In 2002, KIPP (Knowledge is Power Program) responded to a request from Baltimore City Schools to open a middle school. KIPP Ujima Village Academy opened in Baltimore when our middle schools were nothing short of dismal options for kids. In 2003, only 11.5 percent of Baltimore's middle school students passed the Maryland School Assessment (MSA) in math, and 33 percent passed the reading test.
In the ensuing years, we have seen progress across the board throughout city schools. Today, KIPP is part of an expanding portfolio of Baltimore schools created with the approval of the Baltimore Board of School Commissioners and the guidance of Dr. Andres Alonso's leadership team. KIPP has been an inspiring success, providing a high quality, rigorous education to students and exceeding expectations for achievement. KIPP has been a leader among Baltimore middle schools for years and is now a leader in Maryland. In 2010, KIPP's middle school students out-performed the state average on the Maryland State Assessment in reading and math. Further, for the last five years, KIPP's African American 8th grade students outperformed Maryland white students in math. In 2010, KIPP's African American 8th graders did better on the reading assessment than Maryland white students. KIPP has closed the achievement gap.
Parents care about how their middle school students do on the statewide tests, but most care much more about where their eighth grader will go to high school. KIPP sends its 8th graders to the city's best public and private high schools, helping many of them secure scholarships. More numbers that matter are these: 86 percent of KIPP Ujima's first graduating class graduated high school in four years, and of those students, 100 percent earned admission to college. Through its commitment to its students, KIPP Ujima has helped them gain knowledge, and that knowledge gives them the power to achieve much brighter futures.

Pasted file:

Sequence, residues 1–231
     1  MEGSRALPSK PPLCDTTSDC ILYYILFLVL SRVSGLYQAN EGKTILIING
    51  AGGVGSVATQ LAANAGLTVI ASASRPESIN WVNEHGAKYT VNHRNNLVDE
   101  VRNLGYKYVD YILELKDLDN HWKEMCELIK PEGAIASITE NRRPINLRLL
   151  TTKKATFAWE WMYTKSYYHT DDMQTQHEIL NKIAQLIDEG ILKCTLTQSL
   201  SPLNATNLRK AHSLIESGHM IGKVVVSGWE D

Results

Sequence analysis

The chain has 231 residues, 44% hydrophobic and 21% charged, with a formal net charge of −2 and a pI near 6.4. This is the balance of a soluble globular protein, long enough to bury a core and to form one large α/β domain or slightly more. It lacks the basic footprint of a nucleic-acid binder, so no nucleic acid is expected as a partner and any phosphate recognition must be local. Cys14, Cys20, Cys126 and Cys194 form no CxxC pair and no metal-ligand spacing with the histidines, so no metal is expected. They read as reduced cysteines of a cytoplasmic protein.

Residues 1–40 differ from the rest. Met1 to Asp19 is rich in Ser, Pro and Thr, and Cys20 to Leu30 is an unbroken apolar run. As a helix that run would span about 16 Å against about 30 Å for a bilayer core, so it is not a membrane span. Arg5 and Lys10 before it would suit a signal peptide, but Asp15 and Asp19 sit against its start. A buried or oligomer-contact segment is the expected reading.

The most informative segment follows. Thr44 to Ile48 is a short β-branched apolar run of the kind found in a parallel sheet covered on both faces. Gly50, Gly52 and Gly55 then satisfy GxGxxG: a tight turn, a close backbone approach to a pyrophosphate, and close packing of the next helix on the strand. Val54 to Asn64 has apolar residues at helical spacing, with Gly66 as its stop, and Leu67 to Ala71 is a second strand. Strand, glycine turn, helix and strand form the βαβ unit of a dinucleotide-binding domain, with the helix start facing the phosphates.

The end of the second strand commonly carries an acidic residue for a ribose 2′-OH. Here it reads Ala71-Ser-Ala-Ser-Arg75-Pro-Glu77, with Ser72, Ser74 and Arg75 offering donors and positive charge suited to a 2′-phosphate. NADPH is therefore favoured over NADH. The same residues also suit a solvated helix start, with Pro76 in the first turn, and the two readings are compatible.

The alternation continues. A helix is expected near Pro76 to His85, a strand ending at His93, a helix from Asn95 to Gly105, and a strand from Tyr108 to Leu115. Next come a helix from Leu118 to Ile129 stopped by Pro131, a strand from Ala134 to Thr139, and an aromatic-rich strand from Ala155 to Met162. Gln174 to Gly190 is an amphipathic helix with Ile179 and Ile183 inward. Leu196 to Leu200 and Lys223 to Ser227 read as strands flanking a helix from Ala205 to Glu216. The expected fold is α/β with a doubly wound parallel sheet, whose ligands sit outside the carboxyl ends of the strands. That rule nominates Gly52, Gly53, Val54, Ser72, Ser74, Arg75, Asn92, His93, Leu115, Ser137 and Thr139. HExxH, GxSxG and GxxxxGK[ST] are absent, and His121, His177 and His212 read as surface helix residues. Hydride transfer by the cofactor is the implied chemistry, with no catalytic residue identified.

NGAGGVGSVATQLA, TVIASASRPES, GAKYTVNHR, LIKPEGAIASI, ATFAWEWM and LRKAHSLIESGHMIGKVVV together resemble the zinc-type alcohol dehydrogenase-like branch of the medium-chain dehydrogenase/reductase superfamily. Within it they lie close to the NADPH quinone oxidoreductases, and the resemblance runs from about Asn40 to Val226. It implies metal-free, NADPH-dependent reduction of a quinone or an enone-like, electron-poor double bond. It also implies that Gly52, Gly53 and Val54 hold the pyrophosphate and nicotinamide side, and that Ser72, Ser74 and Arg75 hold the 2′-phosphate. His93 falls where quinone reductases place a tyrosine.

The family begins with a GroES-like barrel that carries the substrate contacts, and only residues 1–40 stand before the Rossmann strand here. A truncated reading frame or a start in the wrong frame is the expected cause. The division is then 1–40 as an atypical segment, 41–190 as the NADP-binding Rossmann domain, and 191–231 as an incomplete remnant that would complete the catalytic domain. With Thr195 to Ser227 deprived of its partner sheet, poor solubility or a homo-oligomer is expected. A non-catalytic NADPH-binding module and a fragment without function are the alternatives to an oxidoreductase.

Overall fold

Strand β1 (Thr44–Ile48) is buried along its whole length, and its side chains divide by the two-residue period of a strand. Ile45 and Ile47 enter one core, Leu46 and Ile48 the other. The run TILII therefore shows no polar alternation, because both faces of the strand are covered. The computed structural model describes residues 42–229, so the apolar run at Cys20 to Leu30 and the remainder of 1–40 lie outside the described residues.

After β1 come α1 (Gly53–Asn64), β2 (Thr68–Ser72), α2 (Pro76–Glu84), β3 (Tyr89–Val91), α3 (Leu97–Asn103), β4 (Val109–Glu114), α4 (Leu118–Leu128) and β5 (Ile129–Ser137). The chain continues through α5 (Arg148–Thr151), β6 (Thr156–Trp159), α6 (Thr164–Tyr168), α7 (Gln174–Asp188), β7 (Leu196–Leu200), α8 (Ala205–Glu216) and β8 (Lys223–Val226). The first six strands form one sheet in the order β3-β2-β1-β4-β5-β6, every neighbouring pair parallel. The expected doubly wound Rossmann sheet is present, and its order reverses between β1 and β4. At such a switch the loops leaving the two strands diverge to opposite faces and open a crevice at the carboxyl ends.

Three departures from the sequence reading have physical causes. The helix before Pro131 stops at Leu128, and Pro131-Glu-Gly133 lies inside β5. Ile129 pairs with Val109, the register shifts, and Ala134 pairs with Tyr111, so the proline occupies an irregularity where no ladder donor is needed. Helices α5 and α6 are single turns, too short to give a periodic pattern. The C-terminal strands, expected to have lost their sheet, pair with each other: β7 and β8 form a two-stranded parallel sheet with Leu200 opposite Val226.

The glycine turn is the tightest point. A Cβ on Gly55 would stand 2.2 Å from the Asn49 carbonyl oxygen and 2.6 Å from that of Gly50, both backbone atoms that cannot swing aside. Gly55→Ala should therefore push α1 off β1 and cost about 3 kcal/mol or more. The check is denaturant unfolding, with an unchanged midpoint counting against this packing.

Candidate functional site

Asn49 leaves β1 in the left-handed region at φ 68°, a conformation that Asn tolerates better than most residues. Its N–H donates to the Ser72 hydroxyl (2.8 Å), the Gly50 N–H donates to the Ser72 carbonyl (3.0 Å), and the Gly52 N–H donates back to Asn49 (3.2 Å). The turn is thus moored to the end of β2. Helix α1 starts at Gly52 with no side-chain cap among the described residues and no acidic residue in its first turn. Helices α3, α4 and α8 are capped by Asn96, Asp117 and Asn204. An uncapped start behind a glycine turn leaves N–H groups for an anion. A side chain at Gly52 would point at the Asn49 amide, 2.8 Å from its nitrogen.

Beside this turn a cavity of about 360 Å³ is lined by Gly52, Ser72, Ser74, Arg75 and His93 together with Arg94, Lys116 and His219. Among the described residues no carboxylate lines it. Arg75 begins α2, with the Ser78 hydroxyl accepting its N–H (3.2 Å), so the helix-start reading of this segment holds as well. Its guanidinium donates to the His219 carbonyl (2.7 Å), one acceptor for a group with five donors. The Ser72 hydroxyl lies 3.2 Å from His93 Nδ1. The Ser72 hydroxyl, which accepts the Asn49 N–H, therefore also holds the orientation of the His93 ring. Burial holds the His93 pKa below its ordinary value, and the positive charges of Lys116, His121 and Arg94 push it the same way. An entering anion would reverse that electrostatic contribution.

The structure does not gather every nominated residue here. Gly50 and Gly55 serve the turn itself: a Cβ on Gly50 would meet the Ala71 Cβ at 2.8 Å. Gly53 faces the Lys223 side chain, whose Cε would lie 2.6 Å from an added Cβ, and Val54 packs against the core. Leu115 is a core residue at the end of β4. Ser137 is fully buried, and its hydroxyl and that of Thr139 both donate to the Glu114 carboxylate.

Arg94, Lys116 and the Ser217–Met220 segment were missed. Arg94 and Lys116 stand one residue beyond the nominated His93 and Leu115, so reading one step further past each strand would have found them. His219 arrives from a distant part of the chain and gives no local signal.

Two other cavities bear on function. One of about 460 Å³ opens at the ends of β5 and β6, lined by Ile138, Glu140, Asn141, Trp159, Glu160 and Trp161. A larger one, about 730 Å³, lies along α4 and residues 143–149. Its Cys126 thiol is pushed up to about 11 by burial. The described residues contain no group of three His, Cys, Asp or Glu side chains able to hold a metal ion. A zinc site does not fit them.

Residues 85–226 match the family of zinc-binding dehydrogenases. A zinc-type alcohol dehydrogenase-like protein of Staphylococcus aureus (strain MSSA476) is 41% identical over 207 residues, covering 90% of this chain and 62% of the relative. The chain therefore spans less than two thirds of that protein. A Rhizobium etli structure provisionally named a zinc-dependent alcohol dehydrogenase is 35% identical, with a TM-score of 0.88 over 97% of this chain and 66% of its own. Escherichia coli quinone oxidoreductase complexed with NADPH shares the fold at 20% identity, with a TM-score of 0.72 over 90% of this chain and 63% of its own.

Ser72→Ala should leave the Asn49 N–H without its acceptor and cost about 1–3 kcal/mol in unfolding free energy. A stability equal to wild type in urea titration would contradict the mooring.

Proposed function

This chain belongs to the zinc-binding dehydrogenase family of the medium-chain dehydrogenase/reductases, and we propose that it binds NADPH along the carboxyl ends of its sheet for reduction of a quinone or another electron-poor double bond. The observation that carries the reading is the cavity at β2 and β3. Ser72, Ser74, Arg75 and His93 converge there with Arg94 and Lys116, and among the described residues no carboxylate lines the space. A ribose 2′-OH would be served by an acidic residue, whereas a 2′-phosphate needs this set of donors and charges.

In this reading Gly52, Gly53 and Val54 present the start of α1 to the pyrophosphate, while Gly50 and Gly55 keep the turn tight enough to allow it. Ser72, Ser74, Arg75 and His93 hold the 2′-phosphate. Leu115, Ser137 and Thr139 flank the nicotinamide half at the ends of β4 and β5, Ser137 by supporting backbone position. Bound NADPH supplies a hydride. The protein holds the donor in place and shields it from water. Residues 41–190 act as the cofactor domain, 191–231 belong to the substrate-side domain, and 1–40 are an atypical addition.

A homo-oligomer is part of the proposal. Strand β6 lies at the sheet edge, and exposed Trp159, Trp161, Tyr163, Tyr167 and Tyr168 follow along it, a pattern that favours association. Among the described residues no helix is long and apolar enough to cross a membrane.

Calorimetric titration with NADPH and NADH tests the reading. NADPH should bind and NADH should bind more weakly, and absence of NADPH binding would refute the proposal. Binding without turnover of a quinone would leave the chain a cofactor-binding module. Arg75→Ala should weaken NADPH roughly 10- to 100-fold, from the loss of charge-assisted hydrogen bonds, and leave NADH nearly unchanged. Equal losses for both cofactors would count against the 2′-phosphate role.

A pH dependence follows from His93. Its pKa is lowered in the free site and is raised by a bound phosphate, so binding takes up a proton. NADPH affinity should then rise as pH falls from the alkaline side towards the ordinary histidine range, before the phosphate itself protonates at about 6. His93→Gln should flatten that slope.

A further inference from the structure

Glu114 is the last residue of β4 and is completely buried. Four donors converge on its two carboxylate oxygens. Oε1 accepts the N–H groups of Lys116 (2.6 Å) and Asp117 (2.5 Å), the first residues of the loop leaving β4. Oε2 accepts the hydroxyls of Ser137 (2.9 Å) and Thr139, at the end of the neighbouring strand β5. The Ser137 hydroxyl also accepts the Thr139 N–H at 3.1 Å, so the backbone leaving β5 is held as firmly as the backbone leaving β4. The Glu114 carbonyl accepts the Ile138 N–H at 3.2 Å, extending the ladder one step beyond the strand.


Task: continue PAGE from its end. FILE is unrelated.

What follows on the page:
One of the most exciting things to know about KIPP is that its origins are with teachers — the heart of all good education. Three Houston teachers are responsible for creating the KIPP model of high expectations and commitment to success for all children. Two young teachers looking for guidance tapped the experience of an inspiring master teacher. Together, they miraculously figured out how to home in on the components of a model that works. Today it works in nearly 100 KIPP schools across the U.S.
KIPP stands out because of the achievements of its students. We urge the school board, Mr. Alonso, the Baltimore Teachers Union and KIPP's leaders to do whatever it takes to keep the KIPP opportunity available to Baltimore students for years to come. Our education leaders have an opportunity to serve the current and future students at KIPP by securing an agreement that enables KIPP Ujima Village Academy to continue its good work.
Timothy Armbruster, Goldseker Foundation
Robert C. Embry Jr., Abell Foundation
Mari Beth Moulton, Wright Family Foundation
John B. Powell, Lockhart Vaughan Foundation
Jan Rivitz, Aaron Straus and Lille Straus Foundation
Terry M. Rubenstein, Joseph and Harvey Meyerhoff Family Charitable Funds
Donn Weinberg, Weinberg Foundation
Tom Wilcox, Baltimore Community Foundation